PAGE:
ACCORDING to the Johns Hopkins coronavirus tracker, the total number of confirmed cases now approaches 77,000, of which over 600 are outside the Chinese mainland. Of the latter, only 11 have died so far.
However, it is clear that the virus is lethal to more than East Asians. Two Iranians have succumbed, and it seems they had not travelled outside their country. They died in Qom, 90 miles from the capital Tehran, and two other patients have been diagnosed there since, plus one in Arak (who happens to be a doctor from Qom), bringing the total of cases to five.
Qom is a magnet for pilgrims, so there is some question as to whether piety may outweigh prudence. Twenty million visitors, both domestic and foreign, go annually because it is not only a holy city but ‘the largest centre for Shi’a scholarship in the world’. Conversely, millions of Shi’ite pilgrims travel from Iran to Iraq each year to the holy cities of Najaf and Karbala. Iraq has now taken the precautions of suspending flights to Iran and closing their mutual border, but we shall see how effective and sustained these measures will be.
Here is the toll to date, in sequence, for the world outside mainland China:
(1) February 2: A 44-year-old Chinese tourist from Wuhan (the town at the centre of the outbreak), died in hospital in Manila, capital of the Philippines; he was ‘thought to have had other pre-existing health conditions’.
(2) February 4: A 39-year-old Hong Kong man died there of heart failure, having been diagnosed on January 31 with the virus. He is said to have had a ‘long-term illness’.
(3) February 13: A woman in her eighties died in a Japanese hospital where she had been since February 1; her son-in-law is a taxi driver and has also been confirmed infected.
(4) February 15: An 80-year-old Chinese tourist from Hubei province (of which Wuhan is the capital) died in Paris after weeks in hospital.
(5) February 15: A 61-year-old male taxi driver from central Taiwan died in hospital there from Covid-19-related pneumonia and sepsis; he had a history of Hepatitis B and diabetes. Many of his passengers had come from China, Macau and Hong Kong.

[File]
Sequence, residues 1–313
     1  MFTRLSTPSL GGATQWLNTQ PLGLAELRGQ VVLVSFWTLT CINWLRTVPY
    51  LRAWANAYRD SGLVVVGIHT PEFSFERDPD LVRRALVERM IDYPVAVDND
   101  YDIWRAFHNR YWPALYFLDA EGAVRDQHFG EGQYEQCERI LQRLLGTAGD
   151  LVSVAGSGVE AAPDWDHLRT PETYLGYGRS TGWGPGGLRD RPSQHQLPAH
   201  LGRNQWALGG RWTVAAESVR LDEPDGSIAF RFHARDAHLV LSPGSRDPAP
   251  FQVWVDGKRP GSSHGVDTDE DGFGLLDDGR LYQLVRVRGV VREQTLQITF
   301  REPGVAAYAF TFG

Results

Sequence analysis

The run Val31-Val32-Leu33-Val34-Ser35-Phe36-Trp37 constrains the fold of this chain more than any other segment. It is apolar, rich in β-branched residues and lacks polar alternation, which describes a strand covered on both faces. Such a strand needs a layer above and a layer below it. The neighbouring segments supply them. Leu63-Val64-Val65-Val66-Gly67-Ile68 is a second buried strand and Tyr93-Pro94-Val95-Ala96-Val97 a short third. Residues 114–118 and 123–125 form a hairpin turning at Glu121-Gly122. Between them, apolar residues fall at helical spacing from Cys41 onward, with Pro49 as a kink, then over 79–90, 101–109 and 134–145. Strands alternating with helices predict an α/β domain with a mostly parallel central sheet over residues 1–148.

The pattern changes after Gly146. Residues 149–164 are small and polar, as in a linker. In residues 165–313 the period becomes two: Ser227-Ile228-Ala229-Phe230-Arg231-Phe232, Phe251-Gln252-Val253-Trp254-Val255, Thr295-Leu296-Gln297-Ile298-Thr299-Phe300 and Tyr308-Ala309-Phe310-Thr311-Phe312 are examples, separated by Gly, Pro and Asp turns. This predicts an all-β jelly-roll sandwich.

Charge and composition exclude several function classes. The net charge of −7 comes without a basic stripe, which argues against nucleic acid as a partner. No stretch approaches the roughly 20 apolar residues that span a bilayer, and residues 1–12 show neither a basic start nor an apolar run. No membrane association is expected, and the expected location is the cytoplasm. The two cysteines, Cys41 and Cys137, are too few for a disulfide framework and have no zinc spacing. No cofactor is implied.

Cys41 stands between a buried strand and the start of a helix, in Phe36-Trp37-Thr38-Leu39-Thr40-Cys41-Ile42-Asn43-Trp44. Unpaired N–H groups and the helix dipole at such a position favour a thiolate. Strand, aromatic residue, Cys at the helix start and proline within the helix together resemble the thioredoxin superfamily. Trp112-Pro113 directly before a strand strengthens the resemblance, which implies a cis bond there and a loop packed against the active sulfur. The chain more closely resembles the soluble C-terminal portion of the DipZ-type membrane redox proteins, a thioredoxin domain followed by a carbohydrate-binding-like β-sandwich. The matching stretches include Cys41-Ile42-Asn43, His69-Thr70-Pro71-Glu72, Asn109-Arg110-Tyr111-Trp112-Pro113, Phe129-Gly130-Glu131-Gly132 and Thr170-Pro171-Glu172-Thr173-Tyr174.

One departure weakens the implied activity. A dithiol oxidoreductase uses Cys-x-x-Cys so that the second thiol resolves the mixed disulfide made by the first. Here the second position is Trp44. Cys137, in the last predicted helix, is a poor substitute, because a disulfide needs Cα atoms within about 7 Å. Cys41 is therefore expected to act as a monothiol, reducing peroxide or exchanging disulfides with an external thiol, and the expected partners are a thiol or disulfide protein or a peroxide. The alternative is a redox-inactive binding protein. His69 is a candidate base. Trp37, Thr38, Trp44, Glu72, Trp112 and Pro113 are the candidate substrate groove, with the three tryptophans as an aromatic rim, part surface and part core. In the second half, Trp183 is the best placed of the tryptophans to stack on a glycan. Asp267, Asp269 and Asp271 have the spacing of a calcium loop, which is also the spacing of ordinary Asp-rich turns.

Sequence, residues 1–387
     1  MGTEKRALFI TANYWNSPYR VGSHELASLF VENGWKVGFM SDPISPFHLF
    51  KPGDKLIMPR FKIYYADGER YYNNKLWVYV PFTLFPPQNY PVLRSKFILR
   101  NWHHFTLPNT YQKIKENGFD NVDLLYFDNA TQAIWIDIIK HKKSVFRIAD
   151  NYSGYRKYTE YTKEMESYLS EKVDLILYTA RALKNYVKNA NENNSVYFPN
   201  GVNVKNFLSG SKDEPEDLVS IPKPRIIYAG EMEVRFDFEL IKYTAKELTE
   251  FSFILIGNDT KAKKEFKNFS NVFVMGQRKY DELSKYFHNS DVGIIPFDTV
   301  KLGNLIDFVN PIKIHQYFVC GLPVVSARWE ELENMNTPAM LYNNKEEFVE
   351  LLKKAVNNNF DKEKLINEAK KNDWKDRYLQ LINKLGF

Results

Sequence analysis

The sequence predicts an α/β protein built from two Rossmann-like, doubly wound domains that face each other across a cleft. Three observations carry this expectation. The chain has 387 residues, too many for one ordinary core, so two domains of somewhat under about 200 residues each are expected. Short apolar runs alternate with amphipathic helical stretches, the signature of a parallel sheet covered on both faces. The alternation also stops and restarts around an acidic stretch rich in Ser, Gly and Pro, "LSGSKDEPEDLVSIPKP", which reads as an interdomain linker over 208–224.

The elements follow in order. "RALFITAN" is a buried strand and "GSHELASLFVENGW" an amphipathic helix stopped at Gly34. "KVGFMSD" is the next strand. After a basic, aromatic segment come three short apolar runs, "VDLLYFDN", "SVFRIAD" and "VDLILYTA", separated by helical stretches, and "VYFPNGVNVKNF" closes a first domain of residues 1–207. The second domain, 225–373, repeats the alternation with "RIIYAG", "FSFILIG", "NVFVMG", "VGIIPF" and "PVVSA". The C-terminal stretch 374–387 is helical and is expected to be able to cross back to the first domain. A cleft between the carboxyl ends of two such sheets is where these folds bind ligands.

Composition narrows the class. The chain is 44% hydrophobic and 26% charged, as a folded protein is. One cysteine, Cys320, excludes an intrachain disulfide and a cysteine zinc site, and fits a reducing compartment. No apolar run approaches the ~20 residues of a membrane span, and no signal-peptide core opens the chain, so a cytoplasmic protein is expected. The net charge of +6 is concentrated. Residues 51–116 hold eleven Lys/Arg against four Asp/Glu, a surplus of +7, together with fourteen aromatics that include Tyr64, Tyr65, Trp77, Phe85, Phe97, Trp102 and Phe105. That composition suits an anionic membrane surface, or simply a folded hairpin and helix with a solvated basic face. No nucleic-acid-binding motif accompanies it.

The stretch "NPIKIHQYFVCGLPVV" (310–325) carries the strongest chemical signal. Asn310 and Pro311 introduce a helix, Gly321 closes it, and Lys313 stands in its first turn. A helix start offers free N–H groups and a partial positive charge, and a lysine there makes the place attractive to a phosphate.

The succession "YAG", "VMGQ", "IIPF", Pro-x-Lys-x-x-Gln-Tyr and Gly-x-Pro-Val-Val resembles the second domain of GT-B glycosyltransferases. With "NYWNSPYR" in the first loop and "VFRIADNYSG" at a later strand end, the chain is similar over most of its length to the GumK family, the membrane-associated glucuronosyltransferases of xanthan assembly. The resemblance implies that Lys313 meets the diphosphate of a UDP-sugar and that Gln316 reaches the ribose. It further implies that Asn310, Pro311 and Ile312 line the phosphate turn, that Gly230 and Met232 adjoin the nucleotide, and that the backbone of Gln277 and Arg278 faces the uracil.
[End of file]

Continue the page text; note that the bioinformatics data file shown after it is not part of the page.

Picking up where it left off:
(6, 7) February 19: Two Iranian citizens died in Qom, northern Iran; both were elderly and with underlying health conditions. They ‘were not known to have left Iran’ but as said above, Qom is a major religious destination for pilgrims and scholars.
(8) February 19: A second Hong Kong victim died there, a 70-year-old man with ‘underlying illnesses’. He had visited mainland China on January 22 via the island’s border checkpoint at Lok Ma Chau.
(9) February 19: A 63-year-old South Korean man died in hospital there and was diagnosed posthumously with the virus. Many new cases have been registered in the South Korean city of Daegu, where a South Korean woman is thought to have infected a Christian congregation; she is said to be in her early 60s and with no recent record of overseas travel.
(10, 11) February 20: Two Japanese citizens died in hospital in Japan, having been taken off the Diamond Princess cruise ship (quarantined near Yokohama) the previous week. Both were in their 80s with underlying health conditions. The infection may have been spread on the ship by a Hong Kong resident who had briefly visited the Chinese mainland before boarding at Yokohama on January 20. He disembarked at Hong Kong on January 25, reporting to a hospital on the island, where he was diagnosed with coronavirus. The ship’s itinerary from 1 December 2019 is here. The latest cruise was to have been 29 days long, starting in Singapore.
The pattern of lethality is similar to that for ‘ordinary’ flu: Covid-19 hits the old and infirm disproportionately. That said, we also see how easily it seems to spread and, thanks to modern communications and mass travel, how far – not only across the Far East but the Middle East, Australasia, Europe, North America, India and Egypt. So far, nothing has been reported from sub-Saharan Africa, or central and southern American states; but we are hardly three months into this outbreak and not all countries may be quick to diagnose cases correctly.
There is no room for complacency, as Charles Hugh Smith explains here.